Rory McIlroy says Keegan Bradley's Ryder Cup captaincy 'a surprise for everyone'


NORTH BERWICK, Scotland — While this week’s surprise announcement of Keegan Bradley as the United States Ryder Cup captain caught everyone off guard, Rory McIlroy and the European Team had a wee bit of a heads up, but was nevertheless just as shocked as everyone else.

“Disbelief,” McIlroy said Thursday afternoon at Renaissance Club, following a first-round 5-under 65 at the Scottish Open.

McIlroy said he and some other members of the Euro team dined with captain Luke Donald on Sunday night. Donald, it turns out, delivered a preview of the news set to drop the following day. McIlroy said Donald told those in attendance that he was alerted that the American captain at Bethpage would not, in fact, be Tiger Woods, as all expected. Instead, the Americans were pegging a 38-year-old who hasn’t appeared on a Ryder Cup team in a decade.

“Definitely I think a surprise for everyone,” McIlroy said.

Bradley’s selection shocked the system not only because of his limited Ryder Cup experience but also because he’s still a competitive presence on the PGA Tour. He won in 2022 (Zozo Championship) and 2023 (Travelers Championship) and very nearly made the 2023 U.S. team in Rome.

As it stands, Bradley is ranked 24th among players in the Ryder Cup point standings. He’s well outside the qualifying picture right now, but swathes of time and opportunity remain for him to climb. Bradley finished in the top 35 of all three majors this season and has another chance at the Open Championship next week.

“I think Keegan was probably in disbelief, at some point, too,” McIlroy said Thursday, surrounded by a pack of reporters following his first competitive round since his U.S. Open heartbreak at Pinehurst. “Certainly it’s an interesting pick.”

The move to appoint Bradley as the captain comes after years of the U.S. adhering to a defined system — vice captains typically rising through ranks, gaining experience at both the Ryder Cup and Presidents Cup before ascending to captain.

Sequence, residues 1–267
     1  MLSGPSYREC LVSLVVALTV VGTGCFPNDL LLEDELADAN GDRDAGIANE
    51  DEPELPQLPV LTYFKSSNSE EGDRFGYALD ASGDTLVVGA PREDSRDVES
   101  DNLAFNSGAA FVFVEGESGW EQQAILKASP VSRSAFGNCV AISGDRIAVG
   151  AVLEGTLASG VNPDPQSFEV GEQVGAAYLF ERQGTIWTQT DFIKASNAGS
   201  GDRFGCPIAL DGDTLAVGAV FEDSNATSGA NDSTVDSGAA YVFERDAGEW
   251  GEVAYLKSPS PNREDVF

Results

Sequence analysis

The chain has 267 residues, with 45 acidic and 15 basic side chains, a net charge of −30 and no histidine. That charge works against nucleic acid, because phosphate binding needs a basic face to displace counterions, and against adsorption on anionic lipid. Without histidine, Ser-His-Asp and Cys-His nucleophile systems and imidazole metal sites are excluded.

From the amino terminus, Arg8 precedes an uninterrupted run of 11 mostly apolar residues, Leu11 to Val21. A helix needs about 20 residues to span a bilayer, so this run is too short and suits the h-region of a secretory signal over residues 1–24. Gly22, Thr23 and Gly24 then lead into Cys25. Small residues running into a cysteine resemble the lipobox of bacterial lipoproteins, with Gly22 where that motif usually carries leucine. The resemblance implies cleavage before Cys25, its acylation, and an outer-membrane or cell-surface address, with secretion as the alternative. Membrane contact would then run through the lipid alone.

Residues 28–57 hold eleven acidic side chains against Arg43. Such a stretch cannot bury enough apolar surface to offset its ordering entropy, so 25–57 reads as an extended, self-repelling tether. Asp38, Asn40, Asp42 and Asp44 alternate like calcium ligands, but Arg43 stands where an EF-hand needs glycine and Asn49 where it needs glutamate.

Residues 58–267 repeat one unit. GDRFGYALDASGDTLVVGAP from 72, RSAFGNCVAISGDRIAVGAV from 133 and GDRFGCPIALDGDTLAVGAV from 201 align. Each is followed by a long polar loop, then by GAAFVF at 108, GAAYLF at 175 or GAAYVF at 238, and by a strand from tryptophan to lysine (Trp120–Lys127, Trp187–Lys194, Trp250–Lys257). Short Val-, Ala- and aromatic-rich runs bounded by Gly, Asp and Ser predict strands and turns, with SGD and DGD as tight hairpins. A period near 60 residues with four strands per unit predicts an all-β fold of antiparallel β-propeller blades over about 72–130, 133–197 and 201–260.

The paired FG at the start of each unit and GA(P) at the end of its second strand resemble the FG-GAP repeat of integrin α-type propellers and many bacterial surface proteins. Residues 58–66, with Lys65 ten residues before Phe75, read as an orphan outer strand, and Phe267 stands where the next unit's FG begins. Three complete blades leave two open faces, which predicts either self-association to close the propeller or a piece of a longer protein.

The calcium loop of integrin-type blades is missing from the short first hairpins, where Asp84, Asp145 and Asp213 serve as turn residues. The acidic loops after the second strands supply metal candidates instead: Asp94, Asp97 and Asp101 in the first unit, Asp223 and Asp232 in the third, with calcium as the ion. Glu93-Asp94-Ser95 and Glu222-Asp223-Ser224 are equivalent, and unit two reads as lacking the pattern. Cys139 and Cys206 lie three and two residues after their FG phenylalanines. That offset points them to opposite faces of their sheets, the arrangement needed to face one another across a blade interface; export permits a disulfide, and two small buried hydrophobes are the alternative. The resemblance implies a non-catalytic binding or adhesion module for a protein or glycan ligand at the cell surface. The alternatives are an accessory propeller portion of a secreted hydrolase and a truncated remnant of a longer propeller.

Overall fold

“It’s certainly a departure from what the U.S. have done over the last few years,” McIlroy said, “and, you know, time will tell if that’s a good thing or not.”

The stunning move, McIlroy added, “seems quite reactionary to what happened in Rome.”

That would be last September, when a heavily favored U.S. team was dismantled in opening matches on Friday morning and afternoon and ultimately routed, 16.5-11.5. Everything from Zach Johnson’s captain selections to individual playing performances was open to interpretation and attack by week’s end.

McIlroy, the modern anchor of the European Team, has appeared in eight Ryder Cups and is by far the biggest star on the team. At 35, he’s also the group’s elder statesman following departures of mainstays like Ian Poulter, Sergio Garcia and Lee Westwood to LIV.

McIlroy said he’s previously considered what it might require for him to serve the Euro Team as a playing captain. He ultimately decided, though, that juggling the demands of the job and concurrently playing in the event would be “impossible.”

Asked if there was any chance Bradley could manage to juggle both responsibilities, should he qualify for the team, McIlroy nearly cut off the question: “No.”

In such a scenario, McIlroy said he would expect Bradley to hand down the captaincy to one his vice captains.

While the United States is only now getting its leadership roles settled, the European side has long been set. It was announced in November that Donald would return as Euro captain following his job leading the team in Rome.

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(Photo: Sam Greenwood / Getty Images)



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